Non-browser Identity Verification

Brad Fitzpatrick brad at
Wed May 18 11:52:18 PDT 2005

Why can't the non-browser consumer just parse the redirect URL?  It's also

The non-browser consumer can send a "return_to" URL of
"http://I_AM_NOT_A_WEBSITE" and the identity consumer will happily
redirect the user to:

   Location: http://I_AM_NOT_A_WEBSITE?openid.user_setup_url=......

What am I missing?

On Wed, 18 May 2005, Martin Atkins wrote:

> Martin Atkins wrote:
> > The current scheme is (as far as I can see) bound to the browser. If
> > this is to become some amazing used-everywhere identity system, I think
> > it's important to support non-browser-based auth too. I suspect it might
> > already be supported in some sense, but let's think about it a little
> > anyway.
> >
> [...]
> Having pondered this, I think the sanest approach here is to simply have
> two request modes. The "browser" mode is what we have now. The "raw"
> (better name please) mode differs as follows:
> * Responses from the ID server are, rather than redirects to a URL,
> instead a 200 OK response of type application/x-www-form-urlencoded
> containing the url-encoded response parameters. Non-success responses
> can use other response codes, such as 403 for "I don't know how to
> assert that identity at all".
> * When the client makes the request to the ID server, the server
> response with a 401 Unauthorized response and a WWW-Authenticate header.
> The client must then prompt the user for a username and password and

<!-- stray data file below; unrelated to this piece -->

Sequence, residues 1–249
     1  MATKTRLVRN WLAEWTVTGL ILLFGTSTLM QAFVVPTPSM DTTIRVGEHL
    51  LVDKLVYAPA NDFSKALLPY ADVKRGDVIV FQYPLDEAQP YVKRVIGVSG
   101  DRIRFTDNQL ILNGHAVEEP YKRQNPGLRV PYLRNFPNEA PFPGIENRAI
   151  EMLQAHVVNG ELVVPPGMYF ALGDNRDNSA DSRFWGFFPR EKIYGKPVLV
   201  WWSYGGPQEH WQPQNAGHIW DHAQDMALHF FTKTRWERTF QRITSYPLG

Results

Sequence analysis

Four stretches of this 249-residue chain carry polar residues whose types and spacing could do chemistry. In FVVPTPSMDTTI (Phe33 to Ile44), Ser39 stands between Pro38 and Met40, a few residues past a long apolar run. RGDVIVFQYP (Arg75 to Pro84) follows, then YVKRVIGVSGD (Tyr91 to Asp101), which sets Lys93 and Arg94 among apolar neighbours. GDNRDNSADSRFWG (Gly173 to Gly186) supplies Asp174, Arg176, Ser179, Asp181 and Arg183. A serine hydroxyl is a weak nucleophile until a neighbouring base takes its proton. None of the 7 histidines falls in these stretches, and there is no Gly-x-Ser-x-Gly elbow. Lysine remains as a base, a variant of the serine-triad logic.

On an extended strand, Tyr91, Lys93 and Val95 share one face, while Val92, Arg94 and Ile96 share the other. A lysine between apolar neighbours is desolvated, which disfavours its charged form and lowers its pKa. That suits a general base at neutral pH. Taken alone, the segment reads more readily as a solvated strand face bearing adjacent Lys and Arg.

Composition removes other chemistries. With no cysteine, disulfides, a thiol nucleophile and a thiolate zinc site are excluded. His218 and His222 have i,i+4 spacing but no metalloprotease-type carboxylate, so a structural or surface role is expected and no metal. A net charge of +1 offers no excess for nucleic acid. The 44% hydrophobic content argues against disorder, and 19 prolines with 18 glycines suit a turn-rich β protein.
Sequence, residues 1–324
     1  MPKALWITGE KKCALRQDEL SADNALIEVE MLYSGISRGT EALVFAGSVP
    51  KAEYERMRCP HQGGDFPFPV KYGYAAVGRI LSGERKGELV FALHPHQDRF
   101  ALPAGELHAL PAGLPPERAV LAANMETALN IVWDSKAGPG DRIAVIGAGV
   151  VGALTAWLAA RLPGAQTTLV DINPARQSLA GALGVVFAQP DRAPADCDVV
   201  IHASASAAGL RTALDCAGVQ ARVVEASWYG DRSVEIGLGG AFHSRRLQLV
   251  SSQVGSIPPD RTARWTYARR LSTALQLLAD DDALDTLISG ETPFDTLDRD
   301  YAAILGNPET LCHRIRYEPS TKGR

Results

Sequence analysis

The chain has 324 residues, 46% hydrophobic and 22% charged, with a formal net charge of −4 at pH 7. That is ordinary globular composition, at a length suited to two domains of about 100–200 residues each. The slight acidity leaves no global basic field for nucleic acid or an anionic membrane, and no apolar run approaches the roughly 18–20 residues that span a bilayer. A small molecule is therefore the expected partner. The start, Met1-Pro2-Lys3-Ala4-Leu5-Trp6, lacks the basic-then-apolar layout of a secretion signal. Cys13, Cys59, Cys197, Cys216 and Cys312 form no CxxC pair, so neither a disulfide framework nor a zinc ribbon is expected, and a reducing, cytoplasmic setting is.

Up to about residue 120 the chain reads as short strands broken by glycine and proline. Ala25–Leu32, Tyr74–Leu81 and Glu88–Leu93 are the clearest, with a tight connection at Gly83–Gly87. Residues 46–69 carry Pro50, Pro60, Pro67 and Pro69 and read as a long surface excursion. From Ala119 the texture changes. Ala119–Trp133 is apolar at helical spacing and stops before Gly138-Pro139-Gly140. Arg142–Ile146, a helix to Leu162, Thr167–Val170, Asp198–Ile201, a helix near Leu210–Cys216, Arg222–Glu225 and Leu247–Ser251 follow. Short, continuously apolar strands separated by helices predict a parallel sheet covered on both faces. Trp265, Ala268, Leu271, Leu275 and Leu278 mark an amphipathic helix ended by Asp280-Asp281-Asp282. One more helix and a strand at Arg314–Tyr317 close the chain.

> make another request. Using cookies for authorization is expressly
> forbidden in raw mode because entering the username and password is
> taken as implied permission to assert the identity: there is no trust
> root or reply URL outside of the browser scenario.
>    If Cookies were allowed, it would allow browser-bound scripts to pose
> as clients and bypass the privacy protection.
> This only changes the token-fetching part of the process. Presumably the
> client will then submit this token as part of a request to the consumer
> which will do the token verification as normal.
> It is worth noting that aside from the Cookie special case the "browser"
> mode could actually be implemented as a wrapper around the "raw" mode,
> and that browser mode is the special case despite it being our only case
> currently. (There is nothing stopping an ID server from using HTTP-based
> auth in "browser" mode if that is what it wants to do.)
> I'll throw out for discussion the matter of whether an explicit mode
> selection parameter is the best approach or if it can be inferred from
> other stuff.
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